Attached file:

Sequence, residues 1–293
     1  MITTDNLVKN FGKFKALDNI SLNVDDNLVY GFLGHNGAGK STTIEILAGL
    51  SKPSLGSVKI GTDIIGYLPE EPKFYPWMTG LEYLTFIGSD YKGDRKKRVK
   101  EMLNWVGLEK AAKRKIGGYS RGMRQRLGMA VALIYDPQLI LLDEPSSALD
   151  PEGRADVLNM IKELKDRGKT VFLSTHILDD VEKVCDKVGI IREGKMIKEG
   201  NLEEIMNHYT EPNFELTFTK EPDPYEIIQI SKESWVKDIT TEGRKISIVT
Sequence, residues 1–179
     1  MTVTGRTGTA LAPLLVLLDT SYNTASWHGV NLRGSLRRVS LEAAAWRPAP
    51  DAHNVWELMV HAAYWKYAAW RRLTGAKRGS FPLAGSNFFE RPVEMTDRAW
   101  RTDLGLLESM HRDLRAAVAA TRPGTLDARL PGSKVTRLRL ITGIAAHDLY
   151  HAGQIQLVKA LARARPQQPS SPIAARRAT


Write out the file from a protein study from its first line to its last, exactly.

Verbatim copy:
Sequence, residues 1–293
     1  MITTDNLVKN FGKFKALDNI SLNVDDNLVY GFLGHNGAGK STTIEILAGL
    51  SKPSLGSVKI GTDIIGYLPE EPKFYPWMTG LEYLTFIGSD YKGDRKKRVK
   101  EMLNWVGLEK AAKRKIGGYS RGMRQRLGMA VALIYDPQLI LLDEPSSALD
   151  PEGRADVLNM IKELKDRGKT VFLSTHILDD VEKVCDKVGI IREGKMIKEG
   201  NLEEIMNHYT EPNFELTFTK EPDPYEIIQI SKESWVKDIT TEGRKISIVT
Sequence, residues 1–179
     1  MTVTGRTGTA LAPLLVLLDT SYNTASWHGV NLRGSLRRVS LEAAAWRPAP
    51  DAHNVWELMV HAAYWKYAAW RRLTGAKRGS FPLAGSNFFE RPVEMTDRAW
   101  RTDLGLLESM HRDLRAAVAA TRPGTLDARL PGSKVTRLRL ITGIAAHDLY
   151  HAGQIQLVKA LARARPQQPS SPIAARRAT